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Cleveland Clinic London is the first hospital in the UK capital to successfully perform a total knee replacement procedure with the assistance of an augmented reality-based surgical platform that was designed with artificial intelligence and machine learning.

The London hospital is the latest in the global health system to embrace the technology. As a leader in medical innovation, Cleveland Clinic has used augmented reality technology in joint replacement procedures at its main campus in Cleveland in the US, especially with shoulder arthroplasty surgery.

Mr Panagiotis Gikas, consultant orthopedic hip and knee surgeon, led the surgical team at Cleveland Clinic London during the procedure last month. Following the procedure to treat knee pain caused by osteoarthritis, the patient is doing well.

Total knee replacement is the most common type of knee replacement. Arthritis is the most common condition that causes debilitating musculoskeletal pain. Total knee replacement is a successful treatment for advanced knee arthritis that treats the pain and restores function. In recent years, augmented reality (AR) has become increasingly beneficial in orthopedic surgery, with significant advantages that equip the operating team with the tools to provide a more personalized approach to patient care.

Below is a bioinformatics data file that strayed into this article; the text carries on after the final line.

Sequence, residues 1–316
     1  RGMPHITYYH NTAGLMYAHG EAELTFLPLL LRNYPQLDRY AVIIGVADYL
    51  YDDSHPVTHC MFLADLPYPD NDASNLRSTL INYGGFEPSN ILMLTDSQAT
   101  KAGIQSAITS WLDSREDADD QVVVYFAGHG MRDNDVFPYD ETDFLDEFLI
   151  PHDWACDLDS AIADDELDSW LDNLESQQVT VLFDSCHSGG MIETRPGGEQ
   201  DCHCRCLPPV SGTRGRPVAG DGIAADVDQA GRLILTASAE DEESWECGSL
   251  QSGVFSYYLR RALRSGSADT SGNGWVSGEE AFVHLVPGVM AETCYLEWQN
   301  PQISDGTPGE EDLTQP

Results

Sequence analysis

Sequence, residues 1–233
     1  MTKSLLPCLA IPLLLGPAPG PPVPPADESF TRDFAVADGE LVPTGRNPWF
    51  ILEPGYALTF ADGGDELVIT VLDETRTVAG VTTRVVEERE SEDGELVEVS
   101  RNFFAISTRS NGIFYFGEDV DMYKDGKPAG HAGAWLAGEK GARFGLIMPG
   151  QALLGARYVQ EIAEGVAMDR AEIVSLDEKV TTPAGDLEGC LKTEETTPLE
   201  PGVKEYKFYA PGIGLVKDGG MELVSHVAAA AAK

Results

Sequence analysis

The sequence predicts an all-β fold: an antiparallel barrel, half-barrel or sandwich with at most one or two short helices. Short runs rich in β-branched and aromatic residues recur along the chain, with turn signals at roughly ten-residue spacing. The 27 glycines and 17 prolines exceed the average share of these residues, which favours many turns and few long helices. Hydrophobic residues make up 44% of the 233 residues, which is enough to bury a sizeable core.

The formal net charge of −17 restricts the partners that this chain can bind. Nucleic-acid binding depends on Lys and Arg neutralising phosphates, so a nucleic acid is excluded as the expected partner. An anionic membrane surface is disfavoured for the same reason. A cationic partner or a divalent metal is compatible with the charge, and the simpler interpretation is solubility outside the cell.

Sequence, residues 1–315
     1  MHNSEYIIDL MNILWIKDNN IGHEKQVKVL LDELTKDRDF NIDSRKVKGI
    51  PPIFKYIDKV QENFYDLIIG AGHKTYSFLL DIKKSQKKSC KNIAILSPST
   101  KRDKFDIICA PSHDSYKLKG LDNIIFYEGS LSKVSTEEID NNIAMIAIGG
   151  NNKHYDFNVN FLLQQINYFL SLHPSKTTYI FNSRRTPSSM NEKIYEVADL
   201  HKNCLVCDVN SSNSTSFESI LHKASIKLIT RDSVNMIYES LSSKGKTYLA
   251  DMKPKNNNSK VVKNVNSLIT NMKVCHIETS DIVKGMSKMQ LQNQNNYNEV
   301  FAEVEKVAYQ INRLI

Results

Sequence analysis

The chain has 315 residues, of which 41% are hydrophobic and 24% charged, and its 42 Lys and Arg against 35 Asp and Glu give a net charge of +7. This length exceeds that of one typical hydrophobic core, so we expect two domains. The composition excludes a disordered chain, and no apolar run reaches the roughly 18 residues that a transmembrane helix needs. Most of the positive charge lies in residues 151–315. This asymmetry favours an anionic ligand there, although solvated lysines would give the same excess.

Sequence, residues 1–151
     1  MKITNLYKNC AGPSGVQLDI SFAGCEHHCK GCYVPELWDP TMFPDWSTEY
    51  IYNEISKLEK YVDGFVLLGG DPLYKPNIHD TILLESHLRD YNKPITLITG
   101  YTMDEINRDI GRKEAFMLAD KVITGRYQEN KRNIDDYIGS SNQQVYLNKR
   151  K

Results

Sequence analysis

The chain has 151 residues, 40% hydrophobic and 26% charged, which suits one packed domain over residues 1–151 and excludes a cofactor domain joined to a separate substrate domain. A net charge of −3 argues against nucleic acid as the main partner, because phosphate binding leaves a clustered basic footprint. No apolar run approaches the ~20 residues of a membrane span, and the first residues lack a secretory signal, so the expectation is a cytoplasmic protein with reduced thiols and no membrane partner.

“Augmented reality gives a visualization of the joint that is more dynamic as it is three-dimensional (3D),” said Dr Gikas. “The advanced technology helps with planning the procedure and allows for the best positioning of the implant for each patient during the procedure. The end-result is tailored to the unique anatomy and specific needs of each patient.”

Prior to the procedure, Dr Gikas used advanced imaging software to visualize the patient’s knee joint in 3D and determine the ideal implant positioning for this patient, based on their specific anatomy. The virtual 3D model of the patient’s knee helps the surgical team evaluate damaged bone and cartilage so they can plan for the surgery and the optimal placement for the implant.

During the procedure, the physician wears a pair of augmented reality glasses to view the patient’s specific knee anatomy in 3D. Two small sensors are attached to the patient’s leg to provide real-time soft tissue feedback, such as the tension of the ligaments. The AR-based platform enables the surgical team to easily adjust, better visualize and determine the proper placement of the implant given the patient’s specific anatomy, which is key to a successful knee replacement procedure.

Augmented reality is being adapted by Cleveland Clinic research scientists and physicians for use in a wide array of clinical applications, including aortic aneurysm treatment.

Every year, thousands of patients from every continent travel to Cleveland Clinic locations for world class cardiology, neurology, cancer and other specialty care.